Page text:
I mention role reversal in the tag line of this blog, but I don’t think I’ve ever actually tackled it before. It refers to the fact that, once I’m done with school, the likelihood is that I will be returning to the work force while hubby becomes a house-husband. It’s a huge role reversal for both of us, as we both come from the mindset of either both adults work, or the man does and the woman stays home. Yes, I know that’s an antiquated mindset, but it was what we grew up with. My mom was home with us until I was twelve, when she went back to work, but only part-time so that she could be home when we got out of school. Honestly, it had nothing to do with gender roles. Dad had the job that earned the larger salary; it only made sense that he worked full time. Since they were adamant that we would not be latchkey kids, this was how things worked out.
In our case, hubby has myoneuropathy in his extremities. It’s a nerve disorder, and it means that for him, confining his feet in shoes or socks causes excruciating pain and swelling, so he is barefoot year-round, even in the snow. It’s a huge issue for him, as he is one who has a workaholic personality and hates being jobless. Sure, he has a disability income, but though that allows him to contribute to the bills, it does not stimulate his mind or allow him to take care of his family in the “traditional” ways, which drives him bonkers. But where can you work when you can’t wear shoes? We haven’t yet found the medication that works for him; the problem has only recently finally received the proper diagnosis, so we’re really only just starting down that path.
It’s also a huge issue because there are precious few places that won’t toss him out because he has no shoes on. We’re thinking of asking the doctor for a note or something that he can keep in his wallet that he can pull out to prove that yes, this is a medical problem.
The whole thing really stabs at his pride. He doesn’t do idle well, and to a certain extent still believes that it is his job to provide for himself and his, not mine to provide while he sits at home and does nothing, as he sees it. Not that he’s actually doing nothing, since he does all the housework now, but he doesn’t consider that work, just the price of having a home. And okay, yeah, if you work outside the home, you still come back and have to cook, clean, and do laundry, so I understand that.
So that’s his side of the role reversal. For me, the hard part of it is letting go of the familial reins. I liked staying home with my kids and shaping their childhoods, driving them around to see their friends, baking cookies, going to the playground. I hated the housework and don’t miss it at all, but at the same time I think no man washes dishes as well as a woman, no man knows a thing about laundry, no man knows how to cook (this last is absolutely true in his case. Mac and cheese is the extent of his culinary expertise). He does things differently than I do, and that drives me bonkers. The first thing he did upon taking over the household was rearrange my kitchen, and proudly show me what he’d done when I got home. I smiled through clenched teeth, said it looked wonderful, and did my best not to murder him on the spot. Eventually I got used to the changes and tweaked them a little since the fact that he cannot cook means that essentially, the kitchen is still my domain, and I want things where I can find them when I need them.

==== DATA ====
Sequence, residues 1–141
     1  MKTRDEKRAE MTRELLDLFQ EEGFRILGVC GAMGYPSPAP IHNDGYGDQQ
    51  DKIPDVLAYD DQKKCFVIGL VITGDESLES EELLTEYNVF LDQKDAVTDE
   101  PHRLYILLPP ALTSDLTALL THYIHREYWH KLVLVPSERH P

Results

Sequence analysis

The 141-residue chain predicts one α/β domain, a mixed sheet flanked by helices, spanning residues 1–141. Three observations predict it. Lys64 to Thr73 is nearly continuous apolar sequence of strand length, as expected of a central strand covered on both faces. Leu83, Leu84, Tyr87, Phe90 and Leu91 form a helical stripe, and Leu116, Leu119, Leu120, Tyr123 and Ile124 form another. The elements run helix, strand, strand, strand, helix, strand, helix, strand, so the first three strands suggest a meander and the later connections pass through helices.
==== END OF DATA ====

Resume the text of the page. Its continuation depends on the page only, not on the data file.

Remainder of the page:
The switch is difficult for both of us, really. Nowadays, he’s more mama than mama is, and it’s not a role that particularly suits his personality. He loves our kids, don’t get me wrong, but his level of patience is much lower than mine. I’m more philosophical. The kids have been acting up all day? They’ve been fighting over the most idiotic things they can think up? You’ve been asking repeatedly for chores to get done, in increasingly louder tones of voice until you are finally invoking a trip to Kingdom Come if (insert chore here) is not done immediately? His response is more likely to be a blowup of epic proportions, almost right off the bat. After repeat number three, he’s had it. It takes longer for me to reach that point. They’re kids, and this is what they do. It’s in their job description. Check the fine print. But even I will reach that point with them. Bryony, in particular, is very good at pushing parental buttons, and she has a shriek that could break glass. Aneira’s specialty is needling her sister – quietly – until said shriek is employed, at which point I detonate and both children wind up in either the corner or their respective bedrooms.
Okay, neither of us is perfect. And it’s going to be awhile before we each get used to our new roles. Of course, just as we do, things will undoubtedly change again!
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